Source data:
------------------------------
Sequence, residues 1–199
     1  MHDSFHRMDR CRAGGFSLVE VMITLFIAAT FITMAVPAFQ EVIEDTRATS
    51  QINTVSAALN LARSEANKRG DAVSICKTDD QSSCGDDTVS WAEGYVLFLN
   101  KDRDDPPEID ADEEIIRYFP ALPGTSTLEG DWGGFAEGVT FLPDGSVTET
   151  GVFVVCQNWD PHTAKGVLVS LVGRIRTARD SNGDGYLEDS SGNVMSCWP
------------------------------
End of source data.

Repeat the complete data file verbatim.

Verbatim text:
Sequence, residues 1–199
     1  MHDSFHRMDR CRAGGFSLVE VMITLFIAAT FITMAVPAFQ EVIEDTRATS
    51  QINTVSAALN LARSEANKRG DAVSICKTDD QSSCGDDTVS WAEGYVLFLN
   101  KDRDDPPEID ADEEIIRYFP ALPGTSTLEG DWGGFAEGVT FLPDGSVTET
   151  GVFVVCQNWD PHTAKGVLVS LVGRIRTARD SNGDGYLEDS SGNVMSCWP